I’m trying to model a classification process. We observe that P of the N examples are classified as positive by some decision maker. We then observe that TP of those P positives turn out to be true positives. We model this as two binomial draws

```
P ~ binomial(N, a);
TP ~ binomial(P, b);
```

We model a and b in two ways. In the first, `a = P(X > t)`

and `b = E[X > t]`

, where `X ~ beta(alpha, beta)`

. The positive rate (a) is the fraction of beta samples X above some threshold, and the precision (b) is the mean of those samples:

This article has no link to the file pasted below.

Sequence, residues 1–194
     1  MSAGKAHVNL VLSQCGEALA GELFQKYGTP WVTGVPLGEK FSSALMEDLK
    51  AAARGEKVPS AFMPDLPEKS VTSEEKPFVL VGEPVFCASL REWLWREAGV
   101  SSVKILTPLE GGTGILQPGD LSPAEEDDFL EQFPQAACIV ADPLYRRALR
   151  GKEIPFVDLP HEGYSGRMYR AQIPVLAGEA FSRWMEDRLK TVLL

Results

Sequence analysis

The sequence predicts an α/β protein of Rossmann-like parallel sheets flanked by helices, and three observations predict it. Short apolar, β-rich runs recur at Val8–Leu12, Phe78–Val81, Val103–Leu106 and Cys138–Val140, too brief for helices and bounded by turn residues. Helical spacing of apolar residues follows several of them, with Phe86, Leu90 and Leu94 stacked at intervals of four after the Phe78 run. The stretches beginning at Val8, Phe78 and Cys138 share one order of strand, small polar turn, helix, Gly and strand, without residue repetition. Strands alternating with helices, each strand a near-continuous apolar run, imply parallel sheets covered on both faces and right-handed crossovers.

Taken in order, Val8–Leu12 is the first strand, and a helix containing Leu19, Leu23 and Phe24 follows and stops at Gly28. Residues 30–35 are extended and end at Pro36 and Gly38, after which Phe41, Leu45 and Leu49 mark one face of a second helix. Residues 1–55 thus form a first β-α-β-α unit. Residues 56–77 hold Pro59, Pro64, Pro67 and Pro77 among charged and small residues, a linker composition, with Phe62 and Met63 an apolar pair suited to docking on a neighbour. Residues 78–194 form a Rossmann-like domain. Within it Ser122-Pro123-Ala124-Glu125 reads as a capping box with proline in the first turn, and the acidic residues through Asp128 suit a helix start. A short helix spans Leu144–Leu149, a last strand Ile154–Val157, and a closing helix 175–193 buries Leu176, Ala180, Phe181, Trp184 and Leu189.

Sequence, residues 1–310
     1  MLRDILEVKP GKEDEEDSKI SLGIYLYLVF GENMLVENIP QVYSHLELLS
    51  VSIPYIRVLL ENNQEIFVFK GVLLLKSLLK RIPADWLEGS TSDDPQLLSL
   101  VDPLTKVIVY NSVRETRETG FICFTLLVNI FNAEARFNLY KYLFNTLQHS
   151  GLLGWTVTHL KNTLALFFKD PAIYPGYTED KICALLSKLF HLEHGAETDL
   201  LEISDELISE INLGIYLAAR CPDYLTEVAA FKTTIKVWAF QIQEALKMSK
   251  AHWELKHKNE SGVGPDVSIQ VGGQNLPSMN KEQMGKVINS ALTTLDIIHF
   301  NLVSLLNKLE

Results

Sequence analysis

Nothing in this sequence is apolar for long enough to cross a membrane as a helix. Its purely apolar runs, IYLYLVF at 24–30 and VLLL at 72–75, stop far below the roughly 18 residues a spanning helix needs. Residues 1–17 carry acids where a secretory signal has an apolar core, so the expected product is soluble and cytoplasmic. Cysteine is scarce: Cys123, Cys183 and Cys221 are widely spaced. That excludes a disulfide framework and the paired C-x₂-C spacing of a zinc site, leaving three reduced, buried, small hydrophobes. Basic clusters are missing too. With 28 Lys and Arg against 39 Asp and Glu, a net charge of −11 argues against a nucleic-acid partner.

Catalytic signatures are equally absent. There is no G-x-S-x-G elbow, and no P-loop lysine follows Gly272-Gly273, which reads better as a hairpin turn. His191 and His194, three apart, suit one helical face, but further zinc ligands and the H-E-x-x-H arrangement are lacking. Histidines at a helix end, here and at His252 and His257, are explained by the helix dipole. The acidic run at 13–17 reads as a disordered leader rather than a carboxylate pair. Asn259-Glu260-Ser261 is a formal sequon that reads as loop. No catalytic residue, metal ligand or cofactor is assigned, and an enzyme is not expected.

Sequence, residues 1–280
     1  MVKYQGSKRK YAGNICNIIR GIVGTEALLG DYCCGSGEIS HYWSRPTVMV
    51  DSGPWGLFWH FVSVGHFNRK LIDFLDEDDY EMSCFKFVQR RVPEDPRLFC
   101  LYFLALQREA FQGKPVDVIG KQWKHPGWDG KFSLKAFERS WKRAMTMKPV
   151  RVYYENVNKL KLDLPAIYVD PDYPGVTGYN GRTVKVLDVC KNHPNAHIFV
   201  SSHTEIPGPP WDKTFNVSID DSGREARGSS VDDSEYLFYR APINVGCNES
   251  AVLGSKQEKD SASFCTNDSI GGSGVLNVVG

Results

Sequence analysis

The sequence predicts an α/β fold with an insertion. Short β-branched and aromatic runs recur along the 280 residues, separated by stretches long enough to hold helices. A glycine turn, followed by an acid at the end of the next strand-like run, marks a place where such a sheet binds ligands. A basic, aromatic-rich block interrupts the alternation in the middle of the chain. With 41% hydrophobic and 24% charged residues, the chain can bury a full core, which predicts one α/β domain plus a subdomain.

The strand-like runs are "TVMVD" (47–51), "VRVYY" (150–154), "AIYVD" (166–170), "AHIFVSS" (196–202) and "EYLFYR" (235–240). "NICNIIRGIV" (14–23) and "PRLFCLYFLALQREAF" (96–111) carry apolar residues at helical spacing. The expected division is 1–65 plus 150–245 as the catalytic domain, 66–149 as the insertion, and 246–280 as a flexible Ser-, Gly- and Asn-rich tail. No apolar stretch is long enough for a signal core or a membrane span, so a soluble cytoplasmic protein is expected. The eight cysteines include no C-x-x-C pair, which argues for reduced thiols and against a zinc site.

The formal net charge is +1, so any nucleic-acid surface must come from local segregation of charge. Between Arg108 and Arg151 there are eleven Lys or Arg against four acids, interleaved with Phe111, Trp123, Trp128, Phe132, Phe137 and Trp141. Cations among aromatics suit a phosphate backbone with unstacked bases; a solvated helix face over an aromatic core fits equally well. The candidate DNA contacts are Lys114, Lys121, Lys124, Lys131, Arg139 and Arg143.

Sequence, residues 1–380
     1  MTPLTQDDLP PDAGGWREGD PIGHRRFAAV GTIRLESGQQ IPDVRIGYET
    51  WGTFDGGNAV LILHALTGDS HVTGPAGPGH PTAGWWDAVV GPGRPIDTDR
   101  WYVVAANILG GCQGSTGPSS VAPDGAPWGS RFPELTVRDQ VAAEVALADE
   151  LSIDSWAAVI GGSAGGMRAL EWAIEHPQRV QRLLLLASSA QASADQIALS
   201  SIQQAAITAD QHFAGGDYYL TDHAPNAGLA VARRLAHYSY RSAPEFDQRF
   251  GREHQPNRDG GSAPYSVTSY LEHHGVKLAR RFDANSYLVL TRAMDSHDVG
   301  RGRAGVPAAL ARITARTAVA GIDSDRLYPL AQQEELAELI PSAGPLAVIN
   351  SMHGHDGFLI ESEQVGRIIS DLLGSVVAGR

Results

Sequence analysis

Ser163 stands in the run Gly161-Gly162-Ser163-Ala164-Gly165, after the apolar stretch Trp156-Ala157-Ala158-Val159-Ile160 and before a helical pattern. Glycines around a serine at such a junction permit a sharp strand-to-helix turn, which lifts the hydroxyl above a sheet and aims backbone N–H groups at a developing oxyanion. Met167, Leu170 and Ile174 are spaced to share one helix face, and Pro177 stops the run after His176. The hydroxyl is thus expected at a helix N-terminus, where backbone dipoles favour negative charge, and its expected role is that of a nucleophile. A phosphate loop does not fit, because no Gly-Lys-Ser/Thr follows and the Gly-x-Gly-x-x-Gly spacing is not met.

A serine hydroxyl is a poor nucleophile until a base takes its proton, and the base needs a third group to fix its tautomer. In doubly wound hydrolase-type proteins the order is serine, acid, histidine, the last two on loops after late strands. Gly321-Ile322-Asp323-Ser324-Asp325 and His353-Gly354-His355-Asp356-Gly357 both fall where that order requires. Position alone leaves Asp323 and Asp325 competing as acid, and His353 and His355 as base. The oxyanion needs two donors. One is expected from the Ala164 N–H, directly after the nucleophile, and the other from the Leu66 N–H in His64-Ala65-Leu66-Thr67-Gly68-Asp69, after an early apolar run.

```
a = 1 - beta_cdf(t, alpha, beta)
b = (alpha * (1 - beta_cdf(t, alpha + 1, beta))) / ((1 - beta_cdf(x, alpha, beta)) * (alpha + beta))
```

In the second, the classification process is modeled with LDA, where the classes have equal-variance normal distributions separated by some `delta`

.

```
tp = phi * (1 - normal_cdf(t, delta, 1));
fp = (1 - phi) * (1 - normal_cdf(t, 0, 1));
a = (tp + fp);
b = tp / (tp + fp);
```

We place reasonable priors on (t, alpha, beta) in the first case and (t, phi, delta) in the second case.

My question is: **why is inference more efficient (fewer leapfrog steps per sample and more effective samples per sample) in the second model?**